2018-01-16 11:57:00 UTC

How do NetApp All Flash FAS and Pure Storage compare? Let the community know what you think.


Does anyone have experience with both NetApp AFF and Pure Storage? A number of users recently inquired about how they stack up, what are the reasons you might choose one or the other or the differentiating aspects of each product. 

How do NetApp and Pure compare?

Guest
1111 Answers
Real UserTOP 5

Hello, We don't use AFF but we used 8020 SAS and 8020 SSD and we replaced them to PURE. IO problems minimized, volume limitations resolved
I degraded servers ram and cpu which were working on Netapp but when i moved systems to PURE, they started working as never degraded

2018-01-18 08:38:36 UTC18 January 18
User

Hello,
In the design of choice of our AllFlash storage we tested several equipments, among them NETAPP and PURE. The finalists were: PURE / NETAPP / EMC. All delivered the performance and features that we had as success requirements. But ... our choice was PURE for simplicity of implementation and management, in addition to its innovative licensing model where you have the right to use everything that is implemented and what will be implemented yet you will also have right of use. We have been with PURE for 12 months and very satisfied with the results.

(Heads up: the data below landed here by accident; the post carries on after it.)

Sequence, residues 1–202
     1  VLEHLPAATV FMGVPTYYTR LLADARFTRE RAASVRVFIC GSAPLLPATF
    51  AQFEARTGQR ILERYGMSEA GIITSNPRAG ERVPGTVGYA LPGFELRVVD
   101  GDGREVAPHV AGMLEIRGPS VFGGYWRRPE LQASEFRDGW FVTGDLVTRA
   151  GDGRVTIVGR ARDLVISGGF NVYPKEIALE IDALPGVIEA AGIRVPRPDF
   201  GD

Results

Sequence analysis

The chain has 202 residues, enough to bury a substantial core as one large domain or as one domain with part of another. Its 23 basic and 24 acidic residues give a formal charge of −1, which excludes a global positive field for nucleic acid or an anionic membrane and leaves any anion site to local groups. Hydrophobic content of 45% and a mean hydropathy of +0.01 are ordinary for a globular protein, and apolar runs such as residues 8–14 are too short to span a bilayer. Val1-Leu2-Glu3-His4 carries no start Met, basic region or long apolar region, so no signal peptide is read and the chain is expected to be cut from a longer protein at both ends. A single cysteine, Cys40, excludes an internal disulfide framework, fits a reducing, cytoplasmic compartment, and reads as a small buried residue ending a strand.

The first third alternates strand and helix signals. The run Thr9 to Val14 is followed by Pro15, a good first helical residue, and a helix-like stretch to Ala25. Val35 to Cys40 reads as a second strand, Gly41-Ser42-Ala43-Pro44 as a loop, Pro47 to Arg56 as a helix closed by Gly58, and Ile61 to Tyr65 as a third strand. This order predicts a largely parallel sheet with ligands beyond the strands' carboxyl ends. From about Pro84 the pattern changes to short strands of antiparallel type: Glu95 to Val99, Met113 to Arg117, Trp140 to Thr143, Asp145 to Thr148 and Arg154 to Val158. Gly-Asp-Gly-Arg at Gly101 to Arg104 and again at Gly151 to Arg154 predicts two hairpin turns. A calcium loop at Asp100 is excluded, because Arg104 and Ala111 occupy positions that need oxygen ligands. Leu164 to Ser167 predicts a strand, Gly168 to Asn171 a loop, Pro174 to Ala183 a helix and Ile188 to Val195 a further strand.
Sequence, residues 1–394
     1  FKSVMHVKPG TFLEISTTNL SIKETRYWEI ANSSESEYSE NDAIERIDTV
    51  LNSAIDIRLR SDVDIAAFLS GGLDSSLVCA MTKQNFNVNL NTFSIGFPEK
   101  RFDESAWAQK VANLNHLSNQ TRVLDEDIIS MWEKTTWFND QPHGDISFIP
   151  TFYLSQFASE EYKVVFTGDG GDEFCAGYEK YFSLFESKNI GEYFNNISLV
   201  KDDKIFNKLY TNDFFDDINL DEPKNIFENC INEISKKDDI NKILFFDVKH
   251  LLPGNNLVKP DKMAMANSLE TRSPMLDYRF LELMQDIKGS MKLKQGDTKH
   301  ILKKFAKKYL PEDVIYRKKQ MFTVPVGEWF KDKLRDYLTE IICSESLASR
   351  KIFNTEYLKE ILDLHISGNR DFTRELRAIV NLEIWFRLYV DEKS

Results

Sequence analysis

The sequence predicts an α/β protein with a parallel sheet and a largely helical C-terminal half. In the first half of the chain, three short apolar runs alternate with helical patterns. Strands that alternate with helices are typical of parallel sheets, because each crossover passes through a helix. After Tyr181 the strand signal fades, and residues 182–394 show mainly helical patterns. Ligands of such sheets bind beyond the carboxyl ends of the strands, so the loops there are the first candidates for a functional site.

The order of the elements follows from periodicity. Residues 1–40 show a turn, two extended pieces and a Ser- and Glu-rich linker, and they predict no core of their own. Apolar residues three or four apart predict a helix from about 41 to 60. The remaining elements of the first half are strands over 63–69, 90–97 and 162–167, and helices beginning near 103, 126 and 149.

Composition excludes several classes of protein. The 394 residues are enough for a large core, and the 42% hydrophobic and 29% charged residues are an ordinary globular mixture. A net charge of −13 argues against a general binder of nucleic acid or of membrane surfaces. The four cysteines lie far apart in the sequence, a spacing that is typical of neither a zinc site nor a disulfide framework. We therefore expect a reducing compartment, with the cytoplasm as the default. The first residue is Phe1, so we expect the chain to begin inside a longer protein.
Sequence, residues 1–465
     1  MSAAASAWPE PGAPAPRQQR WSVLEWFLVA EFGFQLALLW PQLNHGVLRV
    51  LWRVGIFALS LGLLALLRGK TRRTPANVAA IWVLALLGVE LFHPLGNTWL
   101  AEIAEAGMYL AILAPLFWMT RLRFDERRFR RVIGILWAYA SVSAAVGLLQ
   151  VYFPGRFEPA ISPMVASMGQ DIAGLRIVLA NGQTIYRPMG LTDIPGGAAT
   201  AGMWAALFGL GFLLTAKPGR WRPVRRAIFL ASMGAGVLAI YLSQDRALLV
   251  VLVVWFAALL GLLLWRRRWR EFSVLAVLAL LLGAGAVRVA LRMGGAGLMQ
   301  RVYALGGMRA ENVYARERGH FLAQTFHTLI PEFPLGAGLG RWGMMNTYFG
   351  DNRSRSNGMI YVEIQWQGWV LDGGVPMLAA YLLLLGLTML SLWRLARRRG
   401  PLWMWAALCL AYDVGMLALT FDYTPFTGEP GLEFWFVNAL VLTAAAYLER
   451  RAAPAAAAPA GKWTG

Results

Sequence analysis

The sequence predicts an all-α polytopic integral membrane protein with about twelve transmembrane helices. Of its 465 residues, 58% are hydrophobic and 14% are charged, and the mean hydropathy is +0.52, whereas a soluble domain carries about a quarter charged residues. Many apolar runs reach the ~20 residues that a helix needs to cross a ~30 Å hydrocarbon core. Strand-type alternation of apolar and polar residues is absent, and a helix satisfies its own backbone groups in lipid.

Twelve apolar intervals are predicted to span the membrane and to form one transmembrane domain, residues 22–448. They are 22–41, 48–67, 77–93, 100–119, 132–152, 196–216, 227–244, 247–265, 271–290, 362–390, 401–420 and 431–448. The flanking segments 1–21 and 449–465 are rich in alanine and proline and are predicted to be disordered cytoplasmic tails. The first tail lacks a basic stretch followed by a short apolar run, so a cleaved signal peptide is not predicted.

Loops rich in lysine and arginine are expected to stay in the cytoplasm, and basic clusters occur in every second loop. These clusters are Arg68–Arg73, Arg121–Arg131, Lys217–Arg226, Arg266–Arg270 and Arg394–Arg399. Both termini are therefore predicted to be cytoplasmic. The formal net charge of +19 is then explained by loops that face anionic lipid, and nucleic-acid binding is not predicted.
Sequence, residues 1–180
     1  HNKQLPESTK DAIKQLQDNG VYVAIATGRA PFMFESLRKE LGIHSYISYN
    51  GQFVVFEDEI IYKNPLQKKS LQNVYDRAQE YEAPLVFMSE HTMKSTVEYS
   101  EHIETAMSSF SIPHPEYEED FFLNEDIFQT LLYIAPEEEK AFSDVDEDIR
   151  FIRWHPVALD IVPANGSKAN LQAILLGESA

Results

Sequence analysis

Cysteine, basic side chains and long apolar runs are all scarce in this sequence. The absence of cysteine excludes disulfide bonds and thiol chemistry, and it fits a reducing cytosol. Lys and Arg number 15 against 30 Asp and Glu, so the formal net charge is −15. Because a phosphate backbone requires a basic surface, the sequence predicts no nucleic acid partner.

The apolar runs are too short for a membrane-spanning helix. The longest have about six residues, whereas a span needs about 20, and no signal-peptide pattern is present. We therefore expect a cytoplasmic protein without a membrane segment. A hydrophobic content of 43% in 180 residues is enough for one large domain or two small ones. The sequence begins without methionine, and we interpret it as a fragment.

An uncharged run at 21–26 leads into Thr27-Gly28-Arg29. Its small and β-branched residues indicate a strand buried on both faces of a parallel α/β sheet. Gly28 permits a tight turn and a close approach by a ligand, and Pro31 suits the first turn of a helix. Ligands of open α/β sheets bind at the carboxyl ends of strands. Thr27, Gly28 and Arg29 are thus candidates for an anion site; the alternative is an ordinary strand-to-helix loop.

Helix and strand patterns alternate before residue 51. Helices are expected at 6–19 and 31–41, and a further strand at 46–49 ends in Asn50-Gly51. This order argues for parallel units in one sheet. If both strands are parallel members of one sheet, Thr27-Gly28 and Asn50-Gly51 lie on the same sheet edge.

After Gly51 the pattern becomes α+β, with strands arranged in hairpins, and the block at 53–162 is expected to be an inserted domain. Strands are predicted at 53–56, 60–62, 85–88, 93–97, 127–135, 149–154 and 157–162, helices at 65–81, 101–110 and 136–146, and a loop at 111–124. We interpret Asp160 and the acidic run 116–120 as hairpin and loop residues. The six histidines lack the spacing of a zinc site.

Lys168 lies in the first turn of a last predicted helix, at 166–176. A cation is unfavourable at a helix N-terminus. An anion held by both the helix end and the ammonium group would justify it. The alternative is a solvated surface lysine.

2018-01-17 19:10:30 UTC17 January 18
Consultant

I'm afraid my experience with Netapp arrays has not been a good one. My experience is mainly with FAS, but lately with AFF arrays. Their architecture has "evolved" from NAS and it shows. By comparison PureStorage is very simple to install, run, maintain and expand. Comparing Netapp to PureStorage is very much like comparing an old Ford escort to a new Tesla. Concentrate on the simplicity of using the array, dealing with performance issues (never with Pure) and the ratio of physical storage to "useable".